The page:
Poem: In the Arboretum

Small moments can make big memories. One such small moment flitted past, hummingbird-quick, thirteen years ago. At the time, the exchange lasted seconds. But it has hovered in the peripheral vision of my memory, causing me to glance sidelong at it, time and again.

Photo by Adina Voicu

In the Arboretum

He plunges his nose into a lilac cluster and
inhales,
drinking the scent into his lungs 
the way a marathoner gulps water
a dozen miles into the race, 
as if the dainty petals’ perfume
is the sustenance of life.

He catches my gaze and quirks a brow.
“Yeah, I stop to smell flowers. 
So what?” he says,
words a soft-tipped arrow
fired from a smile’s bow.
He doesn’t realize
he owes no explanation to me,

Because while he admires the flower,
I admire his attention to the bloom.

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Poem: Murmuration

Two volumes on my summer reading list included Good Poems, American Places compiled by Garrison Keillor, and Amanda Lovelace’s collection The Witch Doesn’t Burn in This One. Both books have inspired me to dabble in poetry again.

As always, I can’t promise my poetry is any good. But there’s joy in the writing.

Photo © Walter Baxter (cc-by-sa/2.0) (geograph.org.uk/p/5991171)

Murmuration

A flock of blackbirds
billowed
over a rural stretch
of Route 23.
Starlings, or grackles maybe,
thousands of
black pixels against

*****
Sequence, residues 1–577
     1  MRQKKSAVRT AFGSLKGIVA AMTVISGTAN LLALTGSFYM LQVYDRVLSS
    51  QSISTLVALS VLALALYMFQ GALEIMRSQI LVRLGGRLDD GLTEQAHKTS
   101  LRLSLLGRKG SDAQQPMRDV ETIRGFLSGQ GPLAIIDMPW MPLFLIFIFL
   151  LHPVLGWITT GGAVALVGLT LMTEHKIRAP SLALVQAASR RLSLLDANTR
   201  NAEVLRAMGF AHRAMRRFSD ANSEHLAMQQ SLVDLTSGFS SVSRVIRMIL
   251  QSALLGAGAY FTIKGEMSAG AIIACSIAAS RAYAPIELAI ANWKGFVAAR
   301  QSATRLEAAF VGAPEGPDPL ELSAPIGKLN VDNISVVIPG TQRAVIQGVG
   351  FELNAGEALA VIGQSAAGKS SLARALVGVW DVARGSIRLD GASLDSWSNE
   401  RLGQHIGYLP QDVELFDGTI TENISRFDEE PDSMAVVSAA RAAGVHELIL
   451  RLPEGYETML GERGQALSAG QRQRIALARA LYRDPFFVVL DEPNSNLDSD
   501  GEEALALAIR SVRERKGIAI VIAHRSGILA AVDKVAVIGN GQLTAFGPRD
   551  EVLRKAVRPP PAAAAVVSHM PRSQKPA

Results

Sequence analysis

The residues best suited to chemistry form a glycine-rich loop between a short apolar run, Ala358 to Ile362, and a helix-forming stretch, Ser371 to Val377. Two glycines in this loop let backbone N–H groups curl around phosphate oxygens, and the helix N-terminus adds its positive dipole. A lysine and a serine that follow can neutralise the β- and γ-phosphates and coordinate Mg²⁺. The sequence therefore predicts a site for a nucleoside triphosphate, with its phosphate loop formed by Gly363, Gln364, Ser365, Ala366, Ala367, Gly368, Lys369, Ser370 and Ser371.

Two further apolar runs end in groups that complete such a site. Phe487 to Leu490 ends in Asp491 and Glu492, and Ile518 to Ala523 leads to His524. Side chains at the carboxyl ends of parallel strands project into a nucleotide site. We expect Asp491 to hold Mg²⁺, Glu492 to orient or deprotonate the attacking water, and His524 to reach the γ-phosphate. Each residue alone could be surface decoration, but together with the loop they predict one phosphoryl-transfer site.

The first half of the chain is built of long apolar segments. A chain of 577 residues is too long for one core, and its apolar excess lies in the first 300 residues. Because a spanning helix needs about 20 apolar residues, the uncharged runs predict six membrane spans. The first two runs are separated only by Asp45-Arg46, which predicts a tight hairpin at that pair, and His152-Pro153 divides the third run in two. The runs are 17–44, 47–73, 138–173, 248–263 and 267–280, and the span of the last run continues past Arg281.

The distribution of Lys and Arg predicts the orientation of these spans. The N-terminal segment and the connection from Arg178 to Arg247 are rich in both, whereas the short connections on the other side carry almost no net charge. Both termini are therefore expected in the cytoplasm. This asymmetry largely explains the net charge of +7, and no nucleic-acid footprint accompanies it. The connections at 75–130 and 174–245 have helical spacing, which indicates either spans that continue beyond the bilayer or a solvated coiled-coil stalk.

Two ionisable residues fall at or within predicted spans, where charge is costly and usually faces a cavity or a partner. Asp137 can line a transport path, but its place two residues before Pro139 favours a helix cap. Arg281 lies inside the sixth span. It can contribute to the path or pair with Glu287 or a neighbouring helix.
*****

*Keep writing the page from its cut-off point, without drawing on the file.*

a blue canvas of sky,
shaping into
a half-formed image
before dissolving
like a dream
escaping waking’s grasp.

I pulled my car
to the shoulder to watch
them dance
to the metronome of
my hazard lights,
searching for
meaning in
their pattern as they
swooped, ascended,
condensed, separated.
Eventually they blended
into the tree line, and
I wondered if maybe

the meaning was
never in the pattern,
but only
in the flight.

Poem: The Grade School Rule

It’s been a while since I dabbled in poetry. But the mood struck this morning, and this one flowed out.

The Grade School Rule

In grade school,
teachers always told us
to use pencils.
“Ink is too permanent,”
they would warn.
“Use your pencil.
Especially for math and spelling.”
They expected mistakes
that we would have to remove,
and they didn’t want us
to ruin the page.

Life doesn’t listen to 
the teachers’ advice.
We are handed a pen at birth
to start scrawling our stories.
Sometimes,
maybe,
a chapter can be salvaged
by scribbling out errant words.
But the blemish on the page –
an ugly dark slash of ink – 
remains,
unable to be erased.